Giving Guillén another shot would be a move that should be considered. It’s doubtful Sox players would be given the go-ahead to jog to first base under Guillén 2.0. But it probably won’t happen. No one has skewered this Sox team more than Guillén on the NBC Sports Chicago pre- and postgame shows. I’m guessing Hahn and Williams would be wary of Guillén upsetting someone’s delicate ego and creating headlines.

Hiring a veteran such as Joe Maddon, Bruce Bochy or Joe Girardi would seem to make perfect sense. Or if Reinsdorf wants a respected former Sox player without experience, A.J. Pierzynski or Jim Thome, a special assistant to Hahn, would be at the head of the list.

There will be plenty of time to debate the candidates once the season ends and La Russa’s fate is announced.

The ending to this strange script has yet to be written.


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Area college football: Bethel rallies past St. John’s 28-24 in battle of MIAC titans

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Area College Football: Bethel Rallies Past St. John’s 28-24 In Battle Of Miac Titans
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There’s a new sheriff in MIAC football. At least, for now.

In a rematch of last year’s conference championship game, Bethel avenged its 2021 loss to St. John’s by taking down the Johnnies 28-24 on Saturday in Arden Hills.

It was the MIAC opener for both teams.

The game was back and forth from the very beginning, with neither team leading by more than seven points, until it was decided when Jaran Roste hooked up with Micah Niewald on a 72-yard touchdown pass with 9:38 left in the game. It was a one-play scoring drive that took all of 11 seconds.

Both offenses were in fine form. The Royals finished with 506 yards offense to the Johnnies’ 414.

St. John’s entered the game ranked No. 2 nationally in NCAA Division III.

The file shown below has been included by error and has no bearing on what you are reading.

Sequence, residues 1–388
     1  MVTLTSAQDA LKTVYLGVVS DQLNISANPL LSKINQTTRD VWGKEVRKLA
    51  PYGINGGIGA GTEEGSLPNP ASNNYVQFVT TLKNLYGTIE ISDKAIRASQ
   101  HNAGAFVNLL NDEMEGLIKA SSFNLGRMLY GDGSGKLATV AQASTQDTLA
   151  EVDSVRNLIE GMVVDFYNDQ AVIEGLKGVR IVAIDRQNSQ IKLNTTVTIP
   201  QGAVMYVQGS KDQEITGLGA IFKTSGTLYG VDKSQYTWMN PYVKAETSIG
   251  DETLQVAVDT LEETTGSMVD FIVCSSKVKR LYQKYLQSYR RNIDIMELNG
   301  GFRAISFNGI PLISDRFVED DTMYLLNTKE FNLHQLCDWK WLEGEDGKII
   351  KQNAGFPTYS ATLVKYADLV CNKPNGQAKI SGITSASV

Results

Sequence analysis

Last fall, St. John’s beat Bethel 31-25 during the regular season, then 29-28 in the MIAC championship game.

Carleton 45, Hamline 12: Jonathan Singleton threw three TD passes as the Knights routed the Pipers at Klas Field in St. Paul. Charlie Wilson scored both Hamline TDs, one on a run and the other on a pass from Alejandro Villanueva.

Augsburg 50, St. Scholastica 13: Cade Sheehan completed 26 of 38 passes for 295 yards and four TDs, and Braden Tretter caught 12 passes for 182 yards and two TDs at Edor Nelson Field in Minneapolis as the Auggies improved to 3-0 on the season.

Hope (Mich.) 56, Northwestern-St. Paul 7: The Flying Dutch rolled up 561 yards of offense to spoil the Eagles’ Homecoming game at Reynolds Field in St. Paul, dropping Northwestern to 0-4 on the season.

North Dakota State 34, South Dakota 17: The Bison rushed for 200 yards in the second half and scored 24 unanswered points to beat the Coyotes in the Missouri Valley Football Conference opener for both teams before a crowd of 6,530 at the DakotaDome in Vermillion, S.D.

South Dakota State 28, Missouri State 14: The Jackrabbits finished with a 475 yards to 258 advantage in total offense, and Mark Gronowski established new career highs with 22 completions (on 29 attempts), 319 yards passing and four TDs in Springfield, Mo.

Minnesota State Mankato 31, Mary 28: The Marauders drove to the Mavericks’ 1-yard line in the final seconds, but Jacob Baulton intercepted a pass in the end zone to preserve the victory for Mankato at Blakeslee Stadium in Mankato, Minn. The Mavericks went ahead with a 60-yard drive in the fourth quarter, capped by Shen Butler-Lawson’s 6-yard TD run with six minutes to play.

Winona State 40, Minnesota Moorhead 7: The Warriors scored every way they could — run (Sam Lloyd), pass (Jack Strand and Kyle Hass), field goal (three, by Jacob Scott), punt return (Tristan Root), interception return (Clay Schueffner) and extra-point kick (four, by Scott) — to overwhelm the Dragons in Winona, Minn.